Two children from Franklin, Massachusetts died on January 12, 2014, in an automatically locking hope chest. Officials remain concerned that many similar chests remain in people’s homes after nearly 20 years of recall efforts.

In Reynoldsburg, Ohio in 1999, a small child died in a similar Lane chest. The lid is very heavy, and once it closes, with the original lock in place, children are unable to get out. In fact,  these two most recent deaths mark at least the ninth that officials have attributed to Lane’s hope chests since 1977. The Lane Co., through the federal Consumer Product Safety Commission (CPSC), issued a voluntary recall in 1996 for an estimated 12 million chests manufactured between 1912 and 1987, offering to replace the automatic lock for free. Lane also agreed to pay a $900,000 civil penalty in 2001 for failing to report the danger immediately.
One estimate places the number of still-hazardous chests in the streams of commerce at 6 million units. This despite the recall having been repeated at least twice — once in 2000 and again in 2006.
Concerns remain that more tragedies will occur because recalls simply are not effective enough to inform all consumers. The chests are sturdy and may be passed down through generations. The hazard of the defective lock is not easily known or understood by purchasers or users.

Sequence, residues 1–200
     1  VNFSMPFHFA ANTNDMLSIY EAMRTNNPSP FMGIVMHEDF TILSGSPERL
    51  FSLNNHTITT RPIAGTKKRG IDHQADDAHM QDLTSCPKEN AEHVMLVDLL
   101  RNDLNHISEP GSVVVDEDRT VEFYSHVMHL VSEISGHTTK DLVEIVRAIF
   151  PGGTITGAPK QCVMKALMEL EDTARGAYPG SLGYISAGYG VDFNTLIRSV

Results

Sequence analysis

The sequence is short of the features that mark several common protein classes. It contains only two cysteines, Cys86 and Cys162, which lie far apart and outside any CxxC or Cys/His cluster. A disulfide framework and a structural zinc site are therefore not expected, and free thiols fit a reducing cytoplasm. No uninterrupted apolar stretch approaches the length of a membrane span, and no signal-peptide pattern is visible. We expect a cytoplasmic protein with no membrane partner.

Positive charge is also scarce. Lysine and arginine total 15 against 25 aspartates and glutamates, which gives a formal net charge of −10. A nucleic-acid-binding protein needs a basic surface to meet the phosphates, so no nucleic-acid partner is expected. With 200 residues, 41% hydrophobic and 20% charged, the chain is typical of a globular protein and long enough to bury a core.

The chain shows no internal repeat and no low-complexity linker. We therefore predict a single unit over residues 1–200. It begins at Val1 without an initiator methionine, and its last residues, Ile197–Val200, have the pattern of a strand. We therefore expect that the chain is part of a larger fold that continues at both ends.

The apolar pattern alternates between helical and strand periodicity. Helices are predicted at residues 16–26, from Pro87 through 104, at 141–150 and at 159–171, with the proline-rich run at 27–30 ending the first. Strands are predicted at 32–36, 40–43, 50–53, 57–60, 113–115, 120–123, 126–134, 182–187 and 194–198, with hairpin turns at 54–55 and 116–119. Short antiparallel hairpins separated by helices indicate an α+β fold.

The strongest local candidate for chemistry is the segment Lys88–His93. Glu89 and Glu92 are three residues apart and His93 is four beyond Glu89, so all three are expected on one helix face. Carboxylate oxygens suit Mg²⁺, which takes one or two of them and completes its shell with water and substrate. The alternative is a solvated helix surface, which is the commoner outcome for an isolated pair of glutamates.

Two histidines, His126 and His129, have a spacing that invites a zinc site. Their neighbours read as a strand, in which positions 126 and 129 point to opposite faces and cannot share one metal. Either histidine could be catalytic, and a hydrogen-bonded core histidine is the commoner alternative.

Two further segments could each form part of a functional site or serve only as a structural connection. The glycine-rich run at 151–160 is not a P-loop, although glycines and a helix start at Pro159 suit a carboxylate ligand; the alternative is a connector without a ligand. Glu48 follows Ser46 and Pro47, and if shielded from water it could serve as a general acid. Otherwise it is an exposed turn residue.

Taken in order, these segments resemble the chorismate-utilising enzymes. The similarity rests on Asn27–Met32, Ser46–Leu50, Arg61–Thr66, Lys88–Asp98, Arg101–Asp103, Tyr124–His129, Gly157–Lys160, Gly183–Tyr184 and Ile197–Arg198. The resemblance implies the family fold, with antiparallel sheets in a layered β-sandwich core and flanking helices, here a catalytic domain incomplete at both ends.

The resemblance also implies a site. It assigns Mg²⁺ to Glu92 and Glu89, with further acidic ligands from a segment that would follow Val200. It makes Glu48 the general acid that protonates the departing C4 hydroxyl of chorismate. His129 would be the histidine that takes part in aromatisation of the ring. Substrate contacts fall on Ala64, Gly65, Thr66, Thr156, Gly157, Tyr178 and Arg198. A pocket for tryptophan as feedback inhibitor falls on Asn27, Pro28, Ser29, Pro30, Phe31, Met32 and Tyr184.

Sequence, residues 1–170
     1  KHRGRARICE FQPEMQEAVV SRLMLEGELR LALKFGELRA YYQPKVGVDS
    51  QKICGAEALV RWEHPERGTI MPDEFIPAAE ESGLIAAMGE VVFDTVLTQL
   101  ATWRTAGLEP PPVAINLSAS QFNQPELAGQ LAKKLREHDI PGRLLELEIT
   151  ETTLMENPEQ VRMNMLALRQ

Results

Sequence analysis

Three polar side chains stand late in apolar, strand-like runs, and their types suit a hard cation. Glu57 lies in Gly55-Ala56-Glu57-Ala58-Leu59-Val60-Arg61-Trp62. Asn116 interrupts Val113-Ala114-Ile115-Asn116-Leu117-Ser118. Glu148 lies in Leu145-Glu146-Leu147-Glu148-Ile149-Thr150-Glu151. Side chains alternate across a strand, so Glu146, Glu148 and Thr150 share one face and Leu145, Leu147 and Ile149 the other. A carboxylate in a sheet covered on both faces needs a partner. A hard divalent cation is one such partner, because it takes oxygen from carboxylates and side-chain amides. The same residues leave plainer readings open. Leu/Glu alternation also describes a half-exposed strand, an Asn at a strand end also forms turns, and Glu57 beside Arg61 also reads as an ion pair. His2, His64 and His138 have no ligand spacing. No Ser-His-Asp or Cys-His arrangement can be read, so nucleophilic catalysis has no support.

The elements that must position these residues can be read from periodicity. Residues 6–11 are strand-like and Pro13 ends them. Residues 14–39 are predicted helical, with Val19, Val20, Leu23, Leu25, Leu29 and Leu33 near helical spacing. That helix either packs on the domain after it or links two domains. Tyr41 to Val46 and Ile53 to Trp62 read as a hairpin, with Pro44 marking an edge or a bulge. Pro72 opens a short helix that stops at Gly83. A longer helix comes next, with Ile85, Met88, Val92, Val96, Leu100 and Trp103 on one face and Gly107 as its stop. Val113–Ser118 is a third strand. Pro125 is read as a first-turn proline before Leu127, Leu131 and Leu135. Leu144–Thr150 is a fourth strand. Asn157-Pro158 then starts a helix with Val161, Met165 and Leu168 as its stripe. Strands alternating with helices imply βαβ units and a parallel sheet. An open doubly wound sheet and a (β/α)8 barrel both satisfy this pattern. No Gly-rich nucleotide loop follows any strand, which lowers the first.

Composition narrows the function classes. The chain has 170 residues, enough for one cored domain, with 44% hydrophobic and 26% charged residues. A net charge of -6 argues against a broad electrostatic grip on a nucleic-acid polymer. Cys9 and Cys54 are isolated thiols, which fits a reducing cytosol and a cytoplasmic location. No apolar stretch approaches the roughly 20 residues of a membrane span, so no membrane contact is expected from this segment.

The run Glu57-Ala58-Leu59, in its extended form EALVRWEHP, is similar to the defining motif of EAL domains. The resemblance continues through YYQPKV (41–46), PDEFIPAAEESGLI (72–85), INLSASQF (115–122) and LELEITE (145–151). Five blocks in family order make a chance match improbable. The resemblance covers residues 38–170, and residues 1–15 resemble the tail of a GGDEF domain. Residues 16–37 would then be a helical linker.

At any point during the design and manufacturing process, failures regarding safety issues associated with children’s products such as chests may contribute to a product’s hazards, including (1) missteps during the early design stages; (2) inadequate testing to ensure safe performance; and (3) marketing efforts that include inadequate instructions and warnings, or failure to include any relevant cautions. Even one act of negligence during the process from the product’s conception to its sale can cause catastrophic injuries and even wrongful death once the product reaches homes, schools, and workplaces of consumers. Moreover, the recall process – while necessary – is a step of last resort after a defect has been uncovered. The first line of defense is the manufacture and sale of a safe product in the first instance so that defects will not find their way into the streams of commerce and onto retail shelves.
If you or a family member have suffered significant personal injuries as the result of a defective product, or have questions relating to recalls of children’s products such as the Lane’s chests, contact the law office of Swartz & Swartz, P.C. Call (617) 742-1900 in the Boston area, or for clients in greater Massachusetts, New England, or other states across the U.S., call toll-free at 1-800-545-3732.

About the Author: James Swartz
Mr. Swartz, our Managing and Principal Attorney at Swartz & Swartz P.C., is a nationally recognized and respected trial attorney as well as consumer advocate. His practice focuses on cases involving negligence, torts, products liability, medical malpractice, wrongful death, and other claims involving catastrophic injuries.

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